WASHINGTON (AP) – Democratic Sen. Carl Levin said yesterday he will seek re-election in 2008, citing the need to help shape the course in Iraq and press the White House to support manufacturers.

The 72-year-old Michigan lawmaker was widely expected to seek a sixth term and will enter the race a heavy favorite. With Democrats winning control of the Senate, Levin will take the helm of the Armed Services panel, giving him a major role in Congress’ shaping of Iraq policy.

“There is a lot of work that needs to be done, and I’m in a position where I feel I can be useful and effective,” Levin said.

Levin said fellow Democrats urged him to seek another term. With his party controlling Congress next year, he said they would work to help “change the direction, both the security policy and the economic policy of this country.”

Levin said he decided to seek re-election last week after consulting with family members. He did not fully consider his options until after the election and “when the time came, it was very clear.”

The Detroit legislator first was elected to the Senate in 1978. In 2002, he defeated Republican state lawmaker Andrew “Rocky” Raczkowski with 61 percent of the vote.

With U.S. soldiers in conflict, Levin has called for troop withdrawals from Iraq beginning within four to six months. He has criticized the Bush administration for making the war open-ended, saying the White House has provided Iraqis with a blank check with the presence of U.S. troops.

To help the state’s manufacturing and automotive sector, Levin said he would push the Bush administration to take stronger actions against China and Japan on currency manipulation and reduce barriers preventing U.S. products from being sold in Asian markets. Levin said the Congress also would seek several actions on health care, ranging from negotiating drug prices to helping with high-cost, catastrophic cases that often increase health care costs.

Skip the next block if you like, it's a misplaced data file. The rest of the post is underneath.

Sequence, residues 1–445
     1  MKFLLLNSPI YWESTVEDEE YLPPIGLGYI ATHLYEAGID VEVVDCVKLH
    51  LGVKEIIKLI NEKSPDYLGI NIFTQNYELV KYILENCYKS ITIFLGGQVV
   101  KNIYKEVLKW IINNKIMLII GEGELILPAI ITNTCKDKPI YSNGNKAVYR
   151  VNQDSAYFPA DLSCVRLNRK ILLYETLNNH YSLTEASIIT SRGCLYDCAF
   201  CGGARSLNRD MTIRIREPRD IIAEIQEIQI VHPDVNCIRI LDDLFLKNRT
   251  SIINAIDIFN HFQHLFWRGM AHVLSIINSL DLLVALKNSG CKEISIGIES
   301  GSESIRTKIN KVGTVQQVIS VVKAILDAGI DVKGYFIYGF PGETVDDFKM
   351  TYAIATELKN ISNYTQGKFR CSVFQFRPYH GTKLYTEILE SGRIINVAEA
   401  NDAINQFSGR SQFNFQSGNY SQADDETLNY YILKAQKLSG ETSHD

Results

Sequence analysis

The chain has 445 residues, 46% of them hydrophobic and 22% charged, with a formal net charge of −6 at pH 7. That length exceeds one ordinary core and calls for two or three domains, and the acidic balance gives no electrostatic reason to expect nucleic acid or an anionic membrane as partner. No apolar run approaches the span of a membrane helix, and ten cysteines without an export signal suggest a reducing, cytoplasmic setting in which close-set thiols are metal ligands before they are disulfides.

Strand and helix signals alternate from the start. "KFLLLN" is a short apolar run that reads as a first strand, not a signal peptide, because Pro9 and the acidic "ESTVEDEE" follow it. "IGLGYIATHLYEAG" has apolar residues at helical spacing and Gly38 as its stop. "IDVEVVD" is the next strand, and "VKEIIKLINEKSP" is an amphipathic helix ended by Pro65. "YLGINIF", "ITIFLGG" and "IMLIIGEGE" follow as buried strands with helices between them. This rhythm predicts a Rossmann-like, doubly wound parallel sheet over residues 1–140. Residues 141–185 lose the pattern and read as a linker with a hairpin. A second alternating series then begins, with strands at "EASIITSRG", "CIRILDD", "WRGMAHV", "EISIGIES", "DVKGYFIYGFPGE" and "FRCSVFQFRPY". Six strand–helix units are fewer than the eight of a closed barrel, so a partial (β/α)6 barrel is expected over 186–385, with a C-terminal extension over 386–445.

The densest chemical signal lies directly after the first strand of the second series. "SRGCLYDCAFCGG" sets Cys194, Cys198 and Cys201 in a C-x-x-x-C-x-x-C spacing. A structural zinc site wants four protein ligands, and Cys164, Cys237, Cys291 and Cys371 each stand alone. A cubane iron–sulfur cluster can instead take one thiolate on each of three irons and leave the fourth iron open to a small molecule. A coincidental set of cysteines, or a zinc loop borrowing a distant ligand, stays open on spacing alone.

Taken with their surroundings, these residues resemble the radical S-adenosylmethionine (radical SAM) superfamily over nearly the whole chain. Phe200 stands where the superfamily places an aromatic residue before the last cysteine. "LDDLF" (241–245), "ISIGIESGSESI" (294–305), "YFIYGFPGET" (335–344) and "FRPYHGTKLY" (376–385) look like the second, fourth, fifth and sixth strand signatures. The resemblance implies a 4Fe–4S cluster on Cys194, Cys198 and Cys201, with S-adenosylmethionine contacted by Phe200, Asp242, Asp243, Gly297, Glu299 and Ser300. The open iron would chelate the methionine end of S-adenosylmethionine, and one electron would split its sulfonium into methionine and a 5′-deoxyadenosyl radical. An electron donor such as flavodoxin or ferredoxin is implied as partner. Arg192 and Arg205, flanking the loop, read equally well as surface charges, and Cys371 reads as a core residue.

“I see Congress taking a far more independent position from the White House and being less of a rubber stamp,” Levin said.

Only a month after the midterm elections, it’s unclear if Levin will face a major Republican opponent. Several Republicans were eyeing the seat if Levin had announced his retirement, but his decision will complicate efforts by GOP leaders to recruit a top candidate.

Levin has earned at least 58 percent of the vote in his past three re-election campaigns and would be considered a strong favorite.

Republicans who have been mentioned as potential Senate candidates include Reps. Candice Miller of Macomb County’s Harrison Township and Mike Rogers of Brighton, Secretary of State Terri Lynn Land, and Attorney General Mike Cox.

Miller was courted by the White House to challenge Democratic Sen. Debbie Stabenow this year but declined. She said Friday in an interview she was “interested in doing the best job that I can for the people in my district. I really don’t know what the future might hold for me.”

Rogers said Monday that he “just got hired for two years” and “that’s what I’m paying attention to.”

State GOP chairman Saul Anuzis said he has had discussions on the Senate race with two potential candidates, but it was too early to speculate on the race. He declined to name the Republicans he had spoken to.

“(Levin) has a long record that he has to defend and it’s a record that’s very vulnerable in Michigan,” Anuzis said. ashes.

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